“Madeline’s Madeline”: A Teen’s Battle for Selfhood

“Madeline’s Madeline”: A Teen’s Battle for Selfhood January 13, 2019
Helena Howard, in “Madeline’s Madeline”

Quick, name the last movie that dealt honestly and artfully with a teen’s struggles with mental illness.

If you’re still racking your brain to answer this, join the club.  I can only remember Thelma, and I don’t think too many people on this side of the Atlantic have seen it.

Madeline’s Madeline, available for home viewing after a limited run in cinemas last year, is now a member of this tiny clique.  Willfully uncomfortable to watch, this fifth full-length work by indie American director Josephine Decker nonetheless offers considerable beauty and insight.

Its title character is a 16 year old living in NYC, who finds respite and a measure of sanity from her participation in an acting collective.  Madeline (Helena Howard) is a biracial young woman, raised solely by her mother.  To judge by the copious porn on the walls of her absent father’s basement lair, that’s a good thing.  (It also hints at some trauma – or at the very least dysfunction – that may have happened before the onscreen action began.)

However, her mother Regina (Miranda July) is hardly a rock of stability, alternating between verbal lashing and playful support of her daughter’s aspirations.  The collective’s charismatic if fickle director Evangeline (Molly Parker) seems far more open and nurturing.

Miranda July, as Regina, in “Madeline’s Madeline”

While Madeline’s illness is never explicitly stated in the film, I’ll go out on a psychiatric limb and theorize that she mainly suffers from Borderline Personality Disorder (BPD).  This tormenting condition is characterized by internal and external chaos, with wild mood fluctuations, relationships that swing from intense closeness to total alienation, feelings of emptiness, and self-destructive behavior.

Josephine Decker and her cinematographer Ashley Connor have splendidly visualized Madeline’s tenuous grip on reality from moment one of their film.  The boundaries between the acted and the actual, between Madeline’s point of view and, say, that of her housecat, stay fuzzy.  The animal imagery – her cat, the disquieting pig masks worn by her troupe – illustrates her primal fight-or-flight struggles.

Connor tends to keep Madeline in shallow focus, so only her body is sharply delineated, skinny from her eating disorder, subtly scarred from self-cutting.  Her external world is blurry, symbolizing the narcissistic prison so miserably endured by those with BPD.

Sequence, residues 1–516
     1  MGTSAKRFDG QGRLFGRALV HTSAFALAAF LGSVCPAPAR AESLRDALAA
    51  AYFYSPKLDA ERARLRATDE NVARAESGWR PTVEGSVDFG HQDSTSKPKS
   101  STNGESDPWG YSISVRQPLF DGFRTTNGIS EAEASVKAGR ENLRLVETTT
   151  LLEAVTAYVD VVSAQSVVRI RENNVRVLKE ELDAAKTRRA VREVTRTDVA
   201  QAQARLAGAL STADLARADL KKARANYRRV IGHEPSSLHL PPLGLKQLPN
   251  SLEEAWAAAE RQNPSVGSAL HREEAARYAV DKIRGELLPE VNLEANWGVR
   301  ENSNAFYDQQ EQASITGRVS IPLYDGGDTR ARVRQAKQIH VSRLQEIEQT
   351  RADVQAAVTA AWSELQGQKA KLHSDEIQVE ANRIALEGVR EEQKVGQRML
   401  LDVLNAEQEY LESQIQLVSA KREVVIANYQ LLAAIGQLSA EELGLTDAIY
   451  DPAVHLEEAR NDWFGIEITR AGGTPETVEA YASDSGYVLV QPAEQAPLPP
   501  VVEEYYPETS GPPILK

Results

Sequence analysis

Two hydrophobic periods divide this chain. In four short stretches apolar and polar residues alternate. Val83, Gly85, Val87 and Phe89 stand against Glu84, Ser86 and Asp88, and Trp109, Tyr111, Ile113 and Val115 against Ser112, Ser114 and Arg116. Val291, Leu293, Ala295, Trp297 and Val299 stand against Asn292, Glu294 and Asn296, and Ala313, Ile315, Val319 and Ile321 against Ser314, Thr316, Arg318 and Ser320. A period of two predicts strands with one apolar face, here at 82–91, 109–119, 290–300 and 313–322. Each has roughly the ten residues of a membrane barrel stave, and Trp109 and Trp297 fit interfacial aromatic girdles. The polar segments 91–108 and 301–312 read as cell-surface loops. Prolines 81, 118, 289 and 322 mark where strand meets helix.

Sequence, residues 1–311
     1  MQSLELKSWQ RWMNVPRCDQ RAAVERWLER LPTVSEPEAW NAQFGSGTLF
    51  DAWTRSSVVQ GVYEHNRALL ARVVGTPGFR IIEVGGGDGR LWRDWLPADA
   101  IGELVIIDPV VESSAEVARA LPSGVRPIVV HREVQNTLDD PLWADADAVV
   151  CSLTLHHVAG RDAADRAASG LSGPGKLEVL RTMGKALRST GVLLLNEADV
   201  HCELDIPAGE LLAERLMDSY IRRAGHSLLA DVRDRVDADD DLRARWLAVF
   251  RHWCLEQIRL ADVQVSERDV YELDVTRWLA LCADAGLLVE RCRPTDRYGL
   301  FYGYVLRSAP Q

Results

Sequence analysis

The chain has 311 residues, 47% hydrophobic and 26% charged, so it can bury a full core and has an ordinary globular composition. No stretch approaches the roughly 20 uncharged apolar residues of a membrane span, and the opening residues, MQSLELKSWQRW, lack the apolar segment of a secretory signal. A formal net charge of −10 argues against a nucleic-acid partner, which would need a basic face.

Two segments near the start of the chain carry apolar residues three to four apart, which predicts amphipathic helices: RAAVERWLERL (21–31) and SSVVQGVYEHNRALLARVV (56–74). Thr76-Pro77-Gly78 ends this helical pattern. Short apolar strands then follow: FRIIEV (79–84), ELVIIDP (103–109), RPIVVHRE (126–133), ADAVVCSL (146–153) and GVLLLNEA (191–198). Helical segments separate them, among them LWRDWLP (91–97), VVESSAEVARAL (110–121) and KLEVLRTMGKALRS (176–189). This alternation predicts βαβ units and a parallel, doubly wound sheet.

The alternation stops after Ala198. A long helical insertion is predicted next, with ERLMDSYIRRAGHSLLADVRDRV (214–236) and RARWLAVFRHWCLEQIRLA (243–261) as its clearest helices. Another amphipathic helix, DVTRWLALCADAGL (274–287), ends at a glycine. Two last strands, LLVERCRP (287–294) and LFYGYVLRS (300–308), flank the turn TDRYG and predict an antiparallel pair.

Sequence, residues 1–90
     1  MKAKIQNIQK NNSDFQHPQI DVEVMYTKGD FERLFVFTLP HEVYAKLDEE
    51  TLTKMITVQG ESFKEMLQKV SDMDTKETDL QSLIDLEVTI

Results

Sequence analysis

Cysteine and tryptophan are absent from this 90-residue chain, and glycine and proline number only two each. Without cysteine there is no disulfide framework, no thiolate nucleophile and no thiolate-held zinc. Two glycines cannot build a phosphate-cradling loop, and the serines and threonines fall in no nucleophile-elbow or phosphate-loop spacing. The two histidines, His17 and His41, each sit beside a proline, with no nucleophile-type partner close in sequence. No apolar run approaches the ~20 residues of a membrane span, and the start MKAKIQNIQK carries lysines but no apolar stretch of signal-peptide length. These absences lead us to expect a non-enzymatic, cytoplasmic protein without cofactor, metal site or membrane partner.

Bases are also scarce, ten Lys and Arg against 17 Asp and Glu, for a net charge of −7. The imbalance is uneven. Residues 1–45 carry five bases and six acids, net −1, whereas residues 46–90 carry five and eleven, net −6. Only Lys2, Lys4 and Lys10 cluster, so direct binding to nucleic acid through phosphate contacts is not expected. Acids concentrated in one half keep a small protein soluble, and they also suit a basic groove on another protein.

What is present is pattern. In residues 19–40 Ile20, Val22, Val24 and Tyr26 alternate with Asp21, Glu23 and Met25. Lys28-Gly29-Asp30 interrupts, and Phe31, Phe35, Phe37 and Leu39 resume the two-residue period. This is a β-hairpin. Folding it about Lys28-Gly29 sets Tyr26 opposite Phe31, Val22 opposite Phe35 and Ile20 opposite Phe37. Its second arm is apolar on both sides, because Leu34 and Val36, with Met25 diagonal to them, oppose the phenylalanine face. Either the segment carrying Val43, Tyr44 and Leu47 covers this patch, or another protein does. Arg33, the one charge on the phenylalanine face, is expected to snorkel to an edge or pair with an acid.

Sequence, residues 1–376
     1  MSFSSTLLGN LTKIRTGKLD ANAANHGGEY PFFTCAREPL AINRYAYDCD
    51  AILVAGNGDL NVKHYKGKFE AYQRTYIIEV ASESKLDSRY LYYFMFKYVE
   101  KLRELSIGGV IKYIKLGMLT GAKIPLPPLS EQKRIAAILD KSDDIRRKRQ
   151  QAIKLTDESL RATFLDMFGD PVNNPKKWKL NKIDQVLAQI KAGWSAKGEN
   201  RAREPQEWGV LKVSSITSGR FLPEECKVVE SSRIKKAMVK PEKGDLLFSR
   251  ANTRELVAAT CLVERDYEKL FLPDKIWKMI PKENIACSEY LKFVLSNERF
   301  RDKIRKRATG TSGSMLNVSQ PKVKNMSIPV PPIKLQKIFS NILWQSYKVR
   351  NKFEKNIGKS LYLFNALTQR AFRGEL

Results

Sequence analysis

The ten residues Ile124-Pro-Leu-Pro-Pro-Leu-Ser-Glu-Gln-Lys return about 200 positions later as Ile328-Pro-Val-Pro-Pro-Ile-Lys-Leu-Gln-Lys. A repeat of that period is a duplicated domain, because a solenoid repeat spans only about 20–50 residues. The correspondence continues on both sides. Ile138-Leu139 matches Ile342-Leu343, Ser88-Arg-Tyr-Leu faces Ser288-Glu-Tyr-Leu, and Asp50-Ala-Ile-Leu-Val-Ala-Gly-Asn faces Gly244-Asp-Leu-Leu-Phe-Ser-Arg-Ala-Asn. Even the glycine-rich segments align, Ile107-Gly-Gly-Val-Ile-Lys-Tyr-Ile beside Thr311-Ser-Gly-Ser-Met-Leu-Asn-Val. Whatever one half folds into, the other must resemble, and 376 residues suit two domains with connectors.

The musical accompaniment is also well-chosen; the voice-only pieces by Roomful of Teeth and the violin/cello duets are rightly unsettling.  Harmony is only transiently achieved when Madeline makes tentative progress in defining her identity and setting herself apart from both Regina and Evangeline.

The actresses playing these two women are very good, particularly Molly Parker.  Best known for her TV work, she most notably portrayed the opium-addicted widow Alma Garret in Deadwood.  Here, Parker gives a layered performance, her Evangeline projecting a wisdom and leadership that conceal a deeper insecurity.

Molly Parker, with Helena Howard, in “Madeline’s Madeline”

Miranda July took a little longer to inhabit the role of Regina.  She seemed wooden at first, but by the half-hour mark, I forgot she was merely an actress playing a mom.

Of course, Madeline’s Madeline stands or falls with its lead actress, and wow, is Helena Howard magnificent in this, her movie debut.  (Aptly, she was discovered by Decker at a high school drama competition being judged by the director, where her performance brought Decker to tears.)  Unafraid to be vulnerable, joyous, labile, brash, likeable, and exasperating, Howard is strong throughout, but especially in a climax both cathartic and squirm-inducing.

There is also a satisfying unity to Decker’s perfectly titled film.  Madeline’s Madeline opens with an out-of-focus nurse telling Madeline that her emotions are not her own.  By the end, we see a young woman clawing to be her own person, not a role demanded by the two unfulfilled women striving to lay claim to her.

3.5 out of 5 stars

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